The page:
It's hard to teach an old linguist new tricks, and I wasn't expecting "Luka" to deliver any revelations in terms of new research, or surprising findings. The final two chapters were perhaps the most eye-opening for me - Ratajczak explores the ways in which communities of people who stutter, and Polish learners arriving from Ukraine, deal with their everyday language challenges. These stories - as with the preceding four chapters - blend personal accounts from interviews with quantitative data from reports and insights from other publications.
Throughout the book, this varied approach works really well. The personal accounts, stats and research papers support one another. There's sharpness to it, and depth, and the way in which the stories are shaped is interesting and credible. Huge kudos to Ratajczak for the desk research (clearly spanning several disciplines and venturing beyond just linguistics), and then getting up from said desk to talk (and listen!!!) to people, and including her own accounts and experiences - and being able to confidently and skillfully say, "All of this matters; here's how and why."
"Luka" won't be for everyone, and it's not always delivering equally flawlessly. The ideal audience, I think, will have some professional interest in languages, speech or communication - from teachers to translators, from editors to interpreters - but a layperson may need plenty more patience to power through the book. As for possible omissions which I would love to see covered, the author manages to weave a series of complex psycho-linguistic panoramas... without mentioning introverts or highly sensitive people at all. For these types of language users and learners, a "gap", a silence, a withdrawal, is a strategic choice with a whole new meaning. Is it fear or a strategy? Is it shame or an energy choice?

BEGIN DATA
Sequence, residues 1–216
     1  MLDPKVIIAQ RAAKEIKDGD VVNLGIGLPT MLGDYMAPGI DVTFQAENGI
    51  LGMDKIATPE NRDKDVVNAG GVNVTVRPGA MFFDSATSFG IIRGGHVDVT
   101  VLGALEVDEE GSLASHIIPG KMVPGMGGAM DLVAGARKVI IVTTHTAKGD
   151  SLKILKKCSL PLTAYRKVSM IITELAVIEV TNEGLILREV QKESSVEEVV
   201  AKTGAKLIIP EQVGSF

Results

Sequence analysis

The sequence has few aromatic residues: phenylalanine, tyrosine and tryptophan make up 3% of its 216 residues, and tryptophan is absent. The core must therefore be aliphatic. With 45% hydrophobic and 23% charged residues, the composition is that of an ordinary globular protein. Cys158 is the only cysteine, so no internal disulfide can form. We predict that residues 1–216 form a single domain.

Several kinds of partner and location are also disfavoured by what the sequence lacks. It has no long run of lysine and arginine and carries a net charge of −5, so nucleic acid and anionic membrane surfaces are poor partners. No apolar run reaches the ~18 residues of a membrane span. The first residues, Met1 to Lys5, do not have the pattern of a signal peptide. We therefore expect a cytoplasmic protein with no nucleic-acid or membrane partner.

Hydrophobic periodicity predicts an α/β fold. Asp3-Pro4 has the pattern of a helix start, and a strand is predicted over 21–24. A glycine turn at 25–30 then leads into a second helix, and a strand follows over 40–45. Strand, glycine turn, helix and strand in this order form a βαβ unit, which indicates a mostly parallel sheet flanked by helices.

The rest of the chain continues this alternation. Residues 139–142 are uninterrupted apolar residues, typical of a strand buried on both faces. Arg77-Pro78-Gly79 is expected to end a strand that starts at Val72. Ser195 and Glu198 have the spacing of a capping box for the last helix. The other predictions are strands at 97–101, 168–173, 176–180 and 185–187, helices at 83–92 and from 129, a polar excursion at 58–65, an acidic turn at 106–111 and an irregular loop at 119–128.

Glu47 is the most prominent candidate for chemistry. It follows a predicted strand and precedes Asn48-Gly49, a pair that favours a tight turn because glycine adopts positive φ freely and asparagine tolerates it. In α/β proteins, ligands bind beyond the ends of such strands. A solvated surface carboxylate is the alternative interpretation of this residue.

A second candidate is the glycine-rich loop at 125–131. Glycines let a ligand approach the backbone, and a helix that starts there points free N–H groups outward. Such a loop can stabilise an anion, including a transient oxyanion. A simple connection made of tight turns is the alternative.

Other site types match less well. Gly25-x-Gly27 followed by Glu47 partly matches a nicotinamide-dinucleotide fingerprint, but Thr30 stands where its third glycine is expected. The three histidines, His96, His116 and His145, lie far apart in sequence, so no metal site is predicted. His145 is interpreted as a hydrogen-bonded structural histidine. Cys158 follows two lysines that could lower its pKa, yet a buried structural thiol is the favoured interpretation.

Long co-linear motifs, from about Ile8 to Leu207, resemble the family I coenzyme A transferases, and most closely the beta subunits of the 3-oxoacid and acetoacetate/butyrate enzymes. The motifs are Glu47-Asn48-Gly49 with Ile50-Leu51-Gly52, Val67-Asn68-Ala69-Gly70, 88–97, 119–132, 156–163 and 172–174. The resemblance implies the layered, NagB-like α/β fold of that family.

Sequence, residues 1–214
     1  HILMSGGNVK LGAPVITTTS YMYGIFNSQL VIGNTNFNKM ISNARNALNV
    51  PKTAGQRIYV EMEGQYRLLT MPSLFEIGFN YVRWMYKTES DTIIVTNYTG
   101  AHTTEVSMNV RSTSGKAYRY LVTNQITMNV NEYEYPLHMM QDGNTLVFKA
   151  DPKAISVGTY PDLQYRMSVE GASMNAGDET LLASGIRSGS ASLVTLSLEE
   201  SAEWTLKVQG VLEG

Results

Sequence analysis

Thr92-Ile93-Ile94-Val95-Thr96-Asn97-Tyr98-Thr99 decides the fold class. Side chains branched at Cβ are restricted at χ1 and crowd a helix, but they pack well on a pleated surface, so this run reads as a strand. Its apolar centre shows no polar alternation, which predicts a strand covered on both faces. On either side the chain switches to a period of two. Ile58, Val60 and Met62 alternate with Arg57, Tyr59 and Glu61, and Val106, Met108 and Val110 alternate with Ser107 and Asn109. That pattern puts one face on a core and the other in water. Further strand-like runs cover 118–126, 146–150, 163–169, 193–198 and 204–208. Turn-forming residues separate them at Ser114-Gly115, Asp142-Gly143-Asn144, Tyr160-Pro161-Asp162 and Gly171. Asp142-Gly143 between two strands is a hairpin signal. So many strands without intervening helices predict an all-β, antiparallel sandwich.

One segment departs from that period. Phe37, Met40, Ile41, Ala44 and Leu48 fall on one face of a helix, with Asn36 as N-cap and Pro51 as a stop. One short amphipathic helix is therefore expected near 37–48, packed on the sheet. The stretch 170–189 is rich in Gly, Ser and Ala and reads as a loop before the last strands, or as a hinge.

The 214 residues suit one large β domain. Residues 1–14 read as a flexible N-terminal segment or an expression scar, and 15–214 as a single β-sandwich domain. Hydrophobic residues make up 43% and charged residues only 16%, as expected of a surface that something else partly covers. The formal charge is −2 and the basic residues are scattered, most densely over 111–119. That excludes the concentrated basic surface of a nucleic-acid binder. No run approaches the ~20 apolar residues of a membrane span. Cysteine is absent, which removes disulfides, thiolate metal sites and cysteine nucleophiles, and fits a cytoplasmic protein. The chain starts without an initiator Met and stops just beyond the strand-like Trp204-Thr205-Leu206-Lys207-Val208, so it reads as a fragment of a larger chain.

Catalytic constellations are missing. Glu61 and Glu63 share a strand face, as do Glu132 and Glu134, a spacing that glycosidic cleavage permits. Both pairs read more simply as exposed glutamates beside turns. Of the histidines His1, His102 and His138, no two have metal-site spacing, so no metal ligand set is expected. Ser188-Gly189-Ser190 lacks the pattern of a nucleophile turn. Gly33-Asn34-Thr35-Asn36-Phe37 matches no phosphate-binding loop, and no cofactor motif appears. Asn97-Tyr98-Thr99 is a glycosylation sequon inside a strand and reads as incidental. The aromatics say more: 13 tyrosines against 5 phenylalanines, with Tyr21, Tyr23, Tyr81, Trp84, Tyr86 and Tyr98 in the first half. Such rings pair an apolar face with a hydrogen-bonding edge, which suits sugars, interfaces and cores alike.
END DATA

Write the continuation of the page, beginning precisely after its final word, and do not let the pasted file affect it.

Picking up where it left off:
But these are my personal interests. It's plain to see that Ratajczak was keen on following hers in "Luka" - and did so admirably. For me, the value in finishing books like these is, amond dozens of other things, in new-found respect.
Bridges work, and they sometimes delight us, and sometimes they get burned. Languages serve us, and sometimes they fail or threaten us, and then sometimes we learn them again. Teachers exist everywhere, and sometimes they humiliate us in front of the whole class, but sometimes we meet them at a bus stop.
Chimamanda Ngozi Adichie warned, years ago, of the "dangers of a single story". It's disheartening to see the shiny-happy polyglot ideal give way to the reality of everyday constant work. It's tempting to take a mental shortcut to say that "multiculturalism is a failure" and isn't worth attempting. It's hard to resist trying to finish a stuttering person's sentence for them. We crave completeness, neat little rows, no open loops.
"Luka" left me with more questions than answers, and more departures than arrivals, and more restless potential than closure. It's a book which minds the gap with remarkable focus: how it comes to be, what it feels like to experience it, what makes it worse - and what helps bridge it. It's a book of many stories, and if you work with language, they will all be worth knowing. I hope you'll get to read it in English one day (or hit me up for my Polish copy!). And I hope that Jagoda Ratajczak is just getting started.